Amateur photographer David Elder claims a “solid black object” gliding beneath the lake’s surface caused the sudden ripple.
David, 50, was focusing in a swan at Fort Augustus on the south-west end when he spotted the “creature”.
David, of East Kilbride, said: “Out of the corner of my right eye I caught site of a black area of water about 15ft long which developed into a kind of bow wave.
"I'm convinced this was caused by a solid black object under the water. The water was very still at the time and there were no ripples coming off the wave and no other activity on the water.
"Water was definitely going over something sold and making the wave. It looks like the sort of wave perhaps created by a windsurfing board but there was nobody on the Loch at the time, no boats, nothing.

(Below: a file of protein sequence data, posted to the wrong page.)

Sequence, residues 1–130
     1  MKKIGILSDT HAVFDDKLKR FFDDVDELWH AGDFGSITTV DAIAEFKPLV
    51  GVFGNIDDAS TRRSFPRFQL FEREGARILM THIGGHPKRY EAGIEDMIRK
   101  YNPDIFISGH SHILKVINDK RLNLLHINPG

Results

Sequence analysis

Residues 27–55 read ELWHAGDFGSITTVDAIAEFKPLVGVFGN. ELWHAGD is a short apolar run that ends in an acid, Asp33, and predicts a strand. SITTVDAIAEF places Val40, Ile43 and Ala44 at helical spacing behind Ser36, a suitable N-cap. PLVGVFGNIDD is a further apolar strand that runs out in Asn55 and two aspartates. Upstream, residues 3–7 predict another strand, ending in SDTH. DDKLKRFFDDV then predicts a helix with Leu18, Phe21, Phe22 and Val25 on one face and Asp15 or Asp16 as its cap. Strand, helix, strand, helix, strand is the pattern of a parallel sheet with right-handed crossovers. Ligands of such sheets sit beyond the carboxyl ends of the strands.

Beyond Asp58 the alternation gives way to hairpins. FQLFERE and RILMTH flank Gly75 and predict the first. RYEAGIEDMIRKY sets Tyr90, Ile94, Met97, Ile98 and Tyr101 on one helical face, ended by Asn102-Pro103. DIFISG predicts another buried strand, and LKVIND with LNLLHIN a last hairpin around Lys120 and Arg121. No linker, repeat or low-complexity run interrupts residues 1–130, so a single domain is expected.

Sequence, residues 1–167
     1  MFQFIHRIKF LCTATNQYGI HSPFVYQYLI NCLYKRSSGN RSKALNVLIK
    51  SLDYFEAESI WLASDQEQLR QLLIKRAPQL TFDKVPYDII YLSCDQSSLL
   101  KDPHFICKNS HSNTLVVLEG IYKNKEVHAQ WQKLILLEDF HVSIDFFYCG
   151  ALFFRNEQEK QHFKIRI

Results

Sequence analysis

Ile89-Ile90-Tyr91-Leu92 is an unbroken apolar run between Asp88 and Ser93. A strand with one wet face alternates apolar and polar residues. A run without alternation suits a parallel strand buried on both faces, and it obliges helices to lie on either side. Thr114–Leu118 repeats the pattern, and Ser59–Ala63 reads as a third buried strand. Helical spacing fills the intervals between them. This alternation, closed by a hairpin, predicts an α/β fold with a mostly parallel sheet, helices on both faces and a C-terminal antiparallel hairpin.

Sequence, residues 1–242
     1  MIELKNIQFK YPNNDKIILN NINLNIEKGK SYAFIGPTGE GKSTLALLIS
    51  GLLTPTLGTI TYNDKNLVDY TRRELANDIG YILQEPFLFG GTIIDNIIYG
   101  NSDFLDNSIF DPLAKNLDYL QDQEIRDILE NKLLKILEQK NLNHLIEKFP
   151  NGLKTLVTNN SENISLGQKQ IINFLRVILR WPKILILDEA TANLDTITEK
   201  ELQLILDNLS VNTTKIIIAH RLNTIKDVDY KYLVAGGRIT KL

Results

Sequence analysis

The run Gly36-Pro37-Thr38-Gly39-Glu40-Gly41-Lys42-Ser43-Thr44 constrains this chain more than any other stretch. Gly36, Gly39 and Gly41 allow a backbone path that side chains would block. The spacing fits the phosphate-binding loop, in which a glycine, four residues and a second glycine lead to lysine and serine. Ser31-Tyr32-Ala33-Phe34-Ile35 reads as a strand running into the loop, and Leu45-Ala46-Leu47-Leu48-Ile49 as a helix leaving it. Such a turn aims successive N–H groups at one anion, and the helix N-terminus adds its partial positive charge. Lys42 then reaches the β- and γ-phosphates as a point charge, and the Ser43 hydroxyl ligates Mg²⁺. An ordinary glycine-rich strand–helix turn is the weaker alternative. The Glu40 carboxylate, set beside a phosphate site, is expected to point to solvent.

"It is something I just can't explain."
The Loch Ness Monster has been a subject of mass debate since it first came to the world's attention 80 years ago.
His shot may not have the iconic status of Colonel Robert Kenneth Wilson’s 1934 shot of Nessie, which was later explained as a hoax.
But it is sure to cause a tide of speculation among monster hunters.
Scientists have widely written off the idea as a modern-day myth yet it has remained a contested phenomenon.
Perhaps the most famous picture of Nessie (right) was taken in 1934 by Robert Kenneth Wilson, a London gynaecologist.
The picture showed what looked like a long neck and head rising from the water.
However, it turned out to be a toy submarine bought from Woolworths in an hoax set up by Marmaduke Wetherell, who had been ridiculed by the national press over his hapless search for the beast.
Source: Mirror UK